Our readers are really looking forward to Lone Survivor. Can you offer us any insight about that movie?
Any time you're put into a situation like the one described in that movie, you are ultimately preparing yourself physically so you don’t have to think about the physical aspect of what it is you're doing when you're out in the field. Whether you're fighting for your life or you're fighting for the life of others, everything is respectable. So to have that kind of mentality, to be a warrior in that sense, I – you know, I am so – I am so damned respectful for anybody that puts on that badge of courage and goes and fights the good fight.
We really did train – you know, Mark trained a lot. From getting the headgear on right away into the heat and having to sit there and continue to train with Marines who obviously want to show off a little bit of how they train and how superior they are. But ultimately, Mark was able to hang tight and hang tough. And, you know, I am very, very, very honored to have my athletes complete that kind of thing and in that situation.
I haven't seen the movie Lone Survivor yet, but a couple of my friends have who are in the entourage, and they say, you know, it is definitely one of the best ones out there.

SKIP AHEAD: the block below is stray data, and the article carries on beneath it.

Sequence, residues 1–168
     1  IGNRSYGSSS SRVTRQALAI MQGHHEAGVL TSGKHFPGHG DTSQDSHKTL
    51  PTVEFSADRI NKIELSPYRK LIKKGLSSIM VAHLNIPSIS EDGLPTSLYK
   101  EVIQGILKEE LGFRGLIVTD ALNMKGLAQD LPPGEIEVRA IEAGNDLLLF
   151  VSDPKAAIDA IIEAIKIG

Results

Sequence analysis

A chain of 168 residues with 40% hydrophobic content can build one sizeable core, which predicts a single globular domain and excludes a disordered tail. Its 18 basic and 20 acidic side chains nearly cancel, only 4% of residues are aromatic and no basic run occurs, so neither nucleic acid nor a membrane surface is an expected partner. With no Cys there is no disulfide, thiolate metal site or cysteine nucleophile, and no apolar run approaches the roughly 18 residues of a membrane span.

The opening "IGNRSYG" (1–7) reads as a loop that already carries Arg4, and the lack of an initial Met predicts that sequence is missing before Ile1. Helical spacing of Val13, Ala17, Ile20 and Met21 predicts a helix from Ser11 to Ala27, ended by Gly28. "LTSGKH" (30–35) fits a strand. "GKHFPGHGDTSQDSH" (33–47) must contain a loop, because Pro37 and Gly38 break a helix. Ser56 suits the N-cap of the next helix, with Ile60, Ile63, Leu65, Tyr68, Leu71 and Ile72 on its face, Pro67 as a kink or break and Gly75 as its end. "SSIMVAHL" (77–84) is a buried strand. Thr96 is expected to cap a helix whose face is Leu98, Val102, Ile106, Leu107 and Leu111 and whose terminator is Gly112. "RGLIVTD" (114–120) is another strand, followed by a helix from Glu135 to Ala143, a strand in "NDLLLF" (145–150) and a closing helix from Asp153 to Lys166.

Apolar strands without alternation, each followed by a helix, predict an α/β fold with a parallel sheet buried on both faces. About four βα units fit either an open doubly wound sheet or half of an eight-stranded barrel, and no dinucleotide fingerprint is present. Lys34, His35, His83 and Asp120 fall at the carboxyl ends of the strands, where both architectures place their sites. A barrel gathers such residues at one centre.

I have a lot of respect for anybody in the military who has to prepare their body in that way. It sucks, but the #1 thing people are coming back home for is back pain. And really, we have to question our line of training. Are crunches and sit-ups still the best way to train people who already live in an environment where they're already seated all the time? And most people have a forward lean, bad posture thing. To have that and continue to do crunches increases that back pain. That’s the one thing I really do question, is how do we come about with a better training regimen, to really pick the brains of the movement specialists that are out there? And I'm happy to be part of that world of being a functional movement specialist and knowing that human movement really was, you know, we weren't really meant to sit down in a desk all day or in a car all day. So how do we combat those effects? And I think that’s one thing forward. I hope the military does figure that out.